Nigeria: Government not interested in ‘tone deaf’ IMF over devaluation
Nigeria is likely to allow further devaluation of the naira this year even as it tells the IMF there’s no need for it.
The IMF held discussions with the government and central bank before publishing a report this week in which it argues that the naira is overvalued by 18% and needs to be devalued.
The Nigerian authorities disagreed, telling the IMF that a lower naira would stoke inflation.
Nigerian inflation at 15.75% in December was at its highest rate in three years, driven by higher food prices.
There’s an element of the IMF being “tone deaf” in making public devaluation recommendations in that context, says Nkemdilim Nwadialor, a financial analyst at Chapel Denham Hill in Lagos. That made it easy for the authorities to reject what was “not the most helpful” advice, she says.
Nigeria “has a culture of resisting” and “can’t bend over to do what the IMF tells us,” she says, noting that the devaluations that took place in 2020 were all labelled as “currency adjustments”.
Questions of value
Chapel Denham Hill sees the currency as being overvalued by between 12% and 15%. Nwadialor expects the currency to be further devalued in the second half of the year.
- A further devaluation will encourage other investors to come in as their dollars will be able to buy more naira, allowing carry-trade benefits. “This inflow could significantly boost the reserves position.”
- The possibility of a Nigerian eurobond issue also makes a devalued naira a logical step to maximise receipts, she adds.
Wale Okunrinboye, a buy-side investment analyst at Sigma Pensions in Lagos, says: “There is some merit in the argument for delayed naira adjustment given the inflationary pressures.”
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Okunrinboye forecasts that inflation will remain high – in the region of 16% to 17% – in the first half of this year. He expects some deceleration in the second half with an improvement in food production helping to calm food prices.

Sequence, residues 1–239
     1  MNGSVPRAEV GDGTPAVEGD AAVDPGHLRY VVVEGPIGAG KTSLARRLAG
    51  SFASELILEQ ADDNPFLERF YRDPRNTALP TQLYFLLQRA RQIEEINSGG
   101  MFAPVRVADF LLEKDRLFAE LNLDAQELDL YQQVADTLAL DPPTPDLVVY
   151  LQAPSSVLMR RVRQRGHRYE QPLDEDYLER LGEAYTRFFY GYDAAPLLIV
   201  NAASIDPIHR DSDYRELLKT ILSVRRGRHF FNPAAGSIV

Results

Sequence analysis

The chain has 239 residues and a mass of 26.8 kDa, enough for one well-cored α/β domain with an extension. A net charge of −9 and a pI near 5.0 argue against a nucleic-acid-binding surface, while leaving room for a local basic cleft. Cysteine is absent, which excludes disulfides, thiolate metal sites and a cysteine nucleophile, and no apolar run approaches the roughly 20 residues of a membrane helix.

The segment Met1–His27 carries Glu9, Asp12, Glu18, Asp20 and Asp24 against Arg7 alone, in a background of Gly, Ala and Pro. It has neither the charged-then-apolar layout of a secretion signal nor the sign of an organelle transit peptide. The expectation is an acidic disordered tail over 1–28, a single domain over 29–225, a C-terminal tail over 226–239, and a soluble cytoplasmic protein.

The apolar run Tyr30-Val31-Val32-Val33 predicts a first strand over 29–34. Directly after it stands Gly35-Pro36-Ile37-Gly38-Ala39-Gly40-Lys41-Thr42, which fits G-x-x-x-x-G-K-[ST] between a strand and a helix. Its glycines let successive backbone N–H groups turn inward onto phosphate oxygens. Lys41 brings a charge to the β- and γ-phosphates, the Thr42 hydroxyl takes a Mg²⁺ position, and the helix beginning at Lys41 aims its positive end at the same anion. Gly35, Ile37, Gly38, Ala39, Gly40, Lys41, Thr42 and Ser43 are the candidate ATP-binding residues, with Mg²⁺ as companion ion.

Further currency adjustments appear in the offing towards a rate of N410-415 per US dollar, he adds.
The IMF said that the current system, with its multiple windows and opaque rules of foreign currency allocation, creates uncertainties for the private sector. The report says that “more transparent and market-based exchange rate policy is imperative to instill confidence.”
Foreign-currency availability to finance imports of critical raw materials is “the key issue” for companies, Okunrinboye says.
Over the past year, companies have struggled to source dollars for imports from the official windows, forcing some to dabble in the parallel market, he adds.
Jason Njoku, CEO of film-streaming service IrokoTV, says the exchange-rate regime makes it impossible for him to plan for his Nigerian business beyond three to six months. He has redefined his strategy to concentrate on North American and European markets, rather than Nigeria.
IMF’s short-term and medium-term advice
In the short term, says the IMF, all Nigeria’s exchange rates should be collapsed into a single market exchange rate with the central bank conducting foreign-currency auctions.
The IMF argues that in the medium term the central bank should limit interventions to smoothing market volatility and letting banks determine currency rates. A clear exchange-rate policy would help attract larger capital inflows, including foreign direct investment, the IMF said.
- The logic of the official rate is to try to help Nigerian businesses by making it cheaper to get the dollars they need to buy imports .
- Some people are able to get dollars at the official rate and then sell them on the parallel market at a profit, she says.
Lack of clarity makes it impossible to guess when a single rate might emerge, says Nwadialor. The idea has been under discussion for about five years, but she has “no idea when it might happen”.
There is no such thing as an optimal level for the naira without a market-based rate that allows businesses to plan for the future.